An effective onboarding program is critical to supporting and building upon retention efforts. New physicians often bring expectations or “baggage,” based upon their past experiences—which may or may not have come up during the interviewing and hiring process. This can be compounded by different cultural norms based upon training, country of origin and regional differences, and other factors.
For example, a physician who did his or her residency in a large east coast metropolitan hospital and is now in a clinical setting in a Midwest suburban community is probably going to have a more difficult adjustment. Similarly, physicians who are used to the autonomy of a group practice may struggle within the context of a large health system.
Don’t leave culture subject to interpretation—make sure the new physician understands what your culture is, how it plays out in day-to-day operations, and how it ties into their performance expectations. Don’t leave organizational expectations to chance—make sure they are explicit at all levels, e.g., behavior and performance, and put them into writing.
One thing that is often missing when organizations hire a new physician is identifying who is accountable for the physician’s success. The easy answer is that it’s whoever the physician reports to. However, in today’s healthcare environment, there may be a matrix, or multiple reporting relationships. And, even if there is just one reporting relationship, there may be multiple stakeholders.
Thus, it’s critical that expectations and accountabilities be defined and aligned from the beginning—within the organization, and between the organizational stakeholders and the physician. For many of these organizational stakeholders, these will be new skills, and helping them with training and tools will be important in creating and maintaining a more solid, effective onboarding program.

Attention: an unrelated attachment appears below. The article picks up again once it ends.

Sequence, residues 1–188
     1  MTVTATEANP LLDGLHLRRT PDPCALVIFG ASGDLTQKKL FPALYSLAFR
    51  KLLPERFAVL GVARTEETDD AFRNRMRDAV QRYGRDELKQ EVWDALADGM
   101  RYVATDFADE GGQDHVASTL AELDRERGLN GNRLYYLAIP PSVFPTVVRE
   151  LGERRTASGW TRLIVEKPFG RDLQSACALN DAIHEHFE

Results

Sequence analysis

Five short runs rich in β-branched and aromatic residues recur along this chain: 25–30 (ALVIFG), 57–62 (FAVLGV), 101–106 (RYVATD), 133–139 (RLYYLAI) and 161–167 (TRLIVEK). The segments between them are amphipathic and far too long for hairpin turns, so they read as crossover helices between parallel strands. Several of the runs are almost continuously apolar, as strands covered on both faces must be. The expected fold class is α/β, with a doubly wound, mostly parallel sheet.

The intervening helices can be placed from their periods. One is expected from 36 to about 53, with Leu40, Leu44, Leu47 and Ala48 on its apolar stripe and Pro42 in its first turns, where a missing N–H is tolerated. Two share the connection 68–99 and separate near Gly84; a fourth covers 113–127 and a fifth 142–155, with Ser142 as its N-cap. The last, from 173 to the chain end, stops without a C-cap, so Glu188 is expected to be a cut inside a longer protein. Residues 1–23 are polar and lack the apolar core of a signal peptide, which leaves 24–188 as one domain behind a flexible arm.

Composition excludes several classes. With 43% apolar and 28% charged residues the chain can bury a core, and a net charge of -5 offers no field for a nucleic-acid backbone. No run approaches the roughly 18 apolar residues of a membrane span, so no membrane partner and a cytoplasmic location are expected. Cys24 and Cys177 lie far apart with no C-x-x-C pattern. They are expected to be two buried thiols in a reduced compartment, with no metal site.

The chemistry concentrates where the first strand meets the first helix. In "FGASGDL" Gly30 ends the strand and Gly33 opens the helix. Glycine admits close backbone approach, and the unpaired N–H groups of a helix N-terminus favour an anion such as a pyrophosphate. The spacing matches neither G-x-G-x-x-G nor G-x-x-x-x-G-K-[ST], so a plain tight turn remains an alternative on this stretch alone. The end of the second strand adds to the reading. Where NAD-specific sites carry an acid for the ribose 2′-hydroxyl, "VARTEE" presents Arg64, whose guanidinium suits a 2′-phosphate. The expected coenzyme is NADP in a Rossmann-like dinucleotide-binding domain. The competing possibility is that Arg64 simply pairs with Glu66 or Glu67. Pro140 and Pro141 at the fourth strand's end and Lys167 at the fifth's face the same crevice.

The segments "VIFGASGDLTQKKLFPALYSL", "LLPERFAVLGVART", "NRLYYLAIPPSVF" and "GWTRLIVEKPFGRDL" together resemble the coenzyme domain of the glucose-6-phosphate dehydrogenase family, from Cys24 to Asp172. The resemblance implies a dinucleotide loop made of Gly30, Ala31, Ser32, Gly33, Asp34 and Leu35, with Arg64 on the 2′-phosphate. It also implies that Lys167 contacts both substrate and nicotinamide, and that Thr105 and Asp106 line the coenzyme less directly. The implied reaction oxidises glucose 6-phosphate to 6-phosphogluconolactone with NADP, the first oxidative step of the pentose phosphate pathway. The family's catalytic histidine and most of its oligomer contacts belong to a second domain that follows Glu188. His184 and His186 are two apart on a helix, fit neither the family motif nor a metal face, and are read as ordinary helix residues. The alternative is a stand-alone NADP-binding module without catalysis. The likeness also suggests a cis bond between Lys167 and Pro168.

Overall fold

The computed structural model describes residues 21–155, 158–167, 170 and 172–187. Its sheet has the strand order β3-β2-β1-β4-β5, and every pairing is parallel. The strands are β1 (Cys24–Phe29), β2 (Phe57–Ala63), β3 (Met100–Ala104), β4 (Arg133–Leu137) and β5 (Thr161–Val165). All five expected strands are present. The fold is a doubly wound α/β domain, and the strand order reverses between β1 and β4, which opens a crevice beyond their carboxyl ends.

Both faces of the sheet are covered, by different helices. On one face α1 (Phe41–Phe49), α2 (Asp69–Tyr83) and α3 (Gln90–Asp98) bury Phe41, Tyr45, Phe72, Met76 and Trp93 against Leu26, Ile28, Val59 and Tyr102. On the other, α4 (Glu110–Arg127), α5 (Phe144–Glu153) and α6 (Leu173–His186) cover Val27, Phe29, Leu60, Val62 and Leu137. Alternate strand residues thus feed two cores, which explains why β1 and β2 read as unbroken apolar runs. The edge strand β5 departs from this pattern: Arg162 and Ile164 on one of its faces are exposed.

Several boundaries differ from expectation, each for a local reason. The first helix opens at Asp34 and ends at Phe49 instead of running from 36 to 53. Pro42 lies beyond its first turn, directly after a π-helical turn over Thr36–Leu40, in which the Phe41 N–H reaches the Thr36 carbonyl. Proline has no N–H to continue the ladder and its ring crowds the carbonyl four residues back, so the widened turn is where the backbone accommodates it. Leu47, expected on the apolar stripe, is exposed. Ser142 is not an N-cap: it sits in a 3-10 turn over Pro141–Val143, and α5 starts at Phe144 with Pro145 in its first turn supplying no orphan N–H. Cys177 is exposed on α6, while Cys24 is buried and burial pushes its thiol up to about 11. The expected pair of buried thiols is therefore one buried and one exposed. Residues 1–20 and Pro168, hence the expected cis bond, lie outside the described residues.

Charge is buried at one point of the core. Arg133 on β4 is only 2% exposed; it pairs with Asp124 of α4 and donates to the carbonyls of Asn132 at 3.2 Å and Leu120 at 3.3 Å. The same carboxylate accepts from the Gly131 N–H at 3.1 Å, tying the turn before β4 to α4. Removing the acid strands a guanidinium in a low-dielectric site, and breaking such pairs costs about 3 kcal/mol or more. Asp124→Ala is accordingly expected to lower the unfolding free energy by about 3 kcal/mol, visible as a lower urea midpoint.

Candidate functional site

Supporting the New Physician
Supporting the new physician in multiple ways is important to not only help them fit into their new job and culture, but make them feel valued. Assigning a coach or mentor to each new physician is ideal. This can be someone who is part of the organization, but could also be an external resource who can support the organization’s cultural aims, as well.
Frequent pulse checks—with the new physician and their co-workers—is also important. If there are issues, they can be caught early and appropriate interventions can occur. Make sure this is a two-way dialog. This also signals to the physician that the organization wants them to be successful in their new position, and reinforces that many in the organization have a stake in this.
Also, don’t forget the physician’s family and personal life. Even if things are going well at work, if the family is having a hard time fitting into the community, or if the physician’s work/life balance is poor—a critical factor for younger physicians, especially—this can negatively impact retention. Again, coaches, mentors and your employee assistance program can be important resources to help in this area.
Having a formal program in place not only helps ensure that all bases are covered, but signals to the new physician that ensuring their cultural fit and success is a priority to the organization.